Rafed English

Boundless Charity and Love

The more expansive and wider the scope of human feeling, the greater the number of people that it embraces. Such an expansive love and benevolence cannot find room in the breasts of people who have narrow and straitened hearts. Their benevolence is not universal so as to embrace people belonging to every group and class. Such a benevolence and compassion is not close to Divine mercy.

(A man said in the presence of al-Husayn ibn 'Ali:) "Goodness is wasted when done to those who are not worthy of it." The Imam said to him: "That is not true; for benevolence is like a torrential rain which comes down everywhere and equally waters orchards as well as wastelands." 10

Al-Imam al-Sajjad ('a) exhorted al-Imam al-Baqir ('a), his son, not to hold back his kindness and benevolence from anyone and to carry out this moral and human duty to the extent of his capacity in respect of all human beings:

My son, don't hold back your kindness from anyone who seeks your charity and benevolence; for even if he were not worthy of that kindness you would prove to be worthy of it by responding positively to his request. 11

Al-Husayn ibn 'Ali, the master of world's freemen-may peace be upon him-in a profound and eloquent sermon, calls men to benevolence. The following is a free paraphrase of his speech.

O people, adopt the virtues of benevolence and chivalry and hearken to solve the difficulties of the destitute, for benevolence is a greatly profitable quality. O people, seek salvation and felicity by the means of service to God's creatures. You, who have the capacity to alleviate the pains of those who suffer, should not let others speak ill of you on account of your negligence in rendering benign service. If you give a helping hand to the weak and the disabled and they do not thank you for your kindness, do not be disappointed and dispirited in your altruism, because God will give you a great reward and grant you His inexhaustible favours and bounties. In fact, it is one of His great favours that God has given you the capacity to satisfy the wants of the needy.

It does not behove you to be greedy and avaricious. For, should you acquire all the bounties of God and yet be unwilling to help the deprived and bring relief to the suffering, God shall change the favours that He has granted you into suffering and pain. He will make you face humiliation and let you taste the afflictions of the deprived and the suffering.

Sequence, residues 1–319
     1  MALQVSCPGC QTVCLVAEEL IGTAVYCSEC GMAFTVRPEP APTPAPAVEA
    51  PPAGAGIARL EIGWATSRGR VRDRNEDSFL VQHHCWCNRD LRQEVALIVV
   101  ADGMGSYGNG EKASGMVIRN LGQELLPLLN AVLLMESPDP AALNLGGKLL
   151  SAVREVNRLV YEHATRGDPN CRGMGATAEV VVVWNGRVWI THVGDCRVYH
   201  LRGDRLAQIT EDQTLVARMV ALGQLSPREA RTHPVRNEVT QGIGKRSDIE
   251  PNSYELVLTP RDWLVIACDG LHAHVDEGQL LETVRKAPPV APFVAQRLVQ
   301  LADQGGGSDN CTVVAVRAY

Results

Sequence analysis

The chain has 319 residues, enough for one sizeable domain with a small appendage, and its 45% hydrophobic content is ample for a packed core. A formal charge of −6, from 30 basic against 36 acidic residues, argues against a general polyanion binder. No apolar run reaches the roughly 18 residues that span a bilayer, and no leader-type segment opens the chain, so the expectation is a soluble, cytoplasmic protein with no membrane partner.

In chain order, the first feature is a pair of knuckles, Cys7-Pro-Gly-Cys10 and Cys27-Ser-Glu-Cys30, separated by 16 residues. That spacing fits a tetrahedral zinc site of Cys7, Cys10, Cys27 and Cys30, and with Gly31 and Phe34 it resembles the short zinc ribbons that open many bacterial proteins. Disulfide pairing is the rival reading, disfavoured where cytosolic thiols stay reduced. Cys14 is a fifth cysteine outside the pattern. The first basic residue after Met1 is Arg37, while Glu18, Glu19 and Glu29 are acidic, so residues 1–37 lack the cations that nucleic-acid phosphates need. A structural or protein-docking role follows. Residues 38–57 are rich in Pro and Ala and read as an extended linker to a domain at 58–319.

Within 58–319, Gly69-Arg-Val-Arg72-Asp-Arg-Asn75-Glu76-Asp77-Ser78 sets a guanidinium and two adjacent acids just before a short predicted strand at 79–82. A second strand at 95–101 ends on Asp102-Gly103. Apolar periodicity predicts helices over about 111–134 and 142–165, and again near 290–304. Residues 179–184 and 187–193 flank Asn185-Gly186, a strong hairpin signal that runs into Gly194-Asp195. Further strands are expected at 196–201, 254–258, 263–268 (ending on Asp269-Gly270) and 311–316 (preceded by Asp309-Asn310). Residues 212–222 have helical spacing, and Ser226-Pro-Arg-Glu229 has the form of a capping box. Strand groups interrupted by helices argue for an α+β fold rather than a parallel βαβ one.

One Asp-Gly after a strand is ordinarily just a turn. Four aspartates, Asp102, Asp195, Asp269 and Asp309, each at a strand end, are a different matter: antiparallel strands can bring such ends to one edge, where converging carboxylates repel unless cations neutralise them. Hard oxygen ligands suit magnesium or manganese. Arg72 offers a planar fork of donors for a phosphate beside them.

How delightful it is to bring solace and consolation to a broken heart or offer relief to some destitute! Should you be worthy and honourable, you will achieve a good name amongst the people, and they will look upon you with gratitude and affection instead of resentment and rancour when you pass by them. Perhaps many of those who are needy today will be able to reward you for your kindness in their better days.

Were benevolence to take the form of a human being and were you to behold his beautiful and luminous visage, you would see him as a most handsome and charming youth whose sight gladdens your heart. And were it possible for vice and misconduct to appear before you in a human form, you would undoubtedly be so repelled by the sight of his ugly and hateful countenance that you would close your eyes in horror and revulsion.

O people, be generous and munificent in order to enjoy honour and dignity, for one who is parsimonious and stingy shall be petty and contemptible.

The most generous of men is he who gives to someone in need who cannot return his kindness and the most forgiving of them is one who forgives despite possessing the power to retaliate. The noblest of kinsmen is he who does not neglect to be benevolent and caring in regard to his relatives, though they should not observe the demands of familial ties with him.

If you were so noble and forbearing, you would be like a tree that bears plenteous fruits, a tree whose roots are nourished by goodness and blessing. The branches of felicity and good fortune would spread over you and others will benefit from their shadow. Its sweet and pleasant fruits will free you of all bitterness.

Every good man should make haste in performing good works and service to God's creatures. He will receive such a reward and blessing for it in the future as he had never expected. Should he, for the sake of God's good pleasure, offer a helping hand to someone in need the generous and magnanimous Lord will assist him on the day of his need and save him from facing hardships.

O people, God shall take away the sorrow and darkness of the world and the hereafter from the heart of everyone of you who brings relief to a suffering soul.

He will reward the good-doers for their good-doing, for God loves the good-doers. 12

Good doing and charity are not confined to monetary help, or to providing relief from physical suffering and hardship. Rather, spiritual assistance, moral guidance and correction of moral conduct and qualities have a higher and greater value than material charity.

Hence if one were to assist those who are lost and help them extricate themselves from the clutches of corruption and misguidance and enter the luminous environs of the truth, he would be doing the greatest favour to them. From the viewpoint of Islam, the sublimest and the most valuable act of charity and benevolence is to help the deviant and deliver those bogged down in the mire of corruption and wretchedness.

The sublime leader of Islam (s) said to 'Ali ('a):

If God were to guide a single person through you, that is better for you than every thing under the sun. 13

10. Al-Harrani, Tuhaf al uqul, p. 245.

11. Al-Kulayni, op. cit, p. 153.

12. Al-Irbili, Kashf al-ghummah, vol. ii, p. 204.

13. Shaykh 'Abbas al-Qummi, Safinat al-Bihar vol. ii, p. 700.

Adapted from: "Ethics and Spiritual Growth" by: "Sayyid Mujtaba Musawi Lari"

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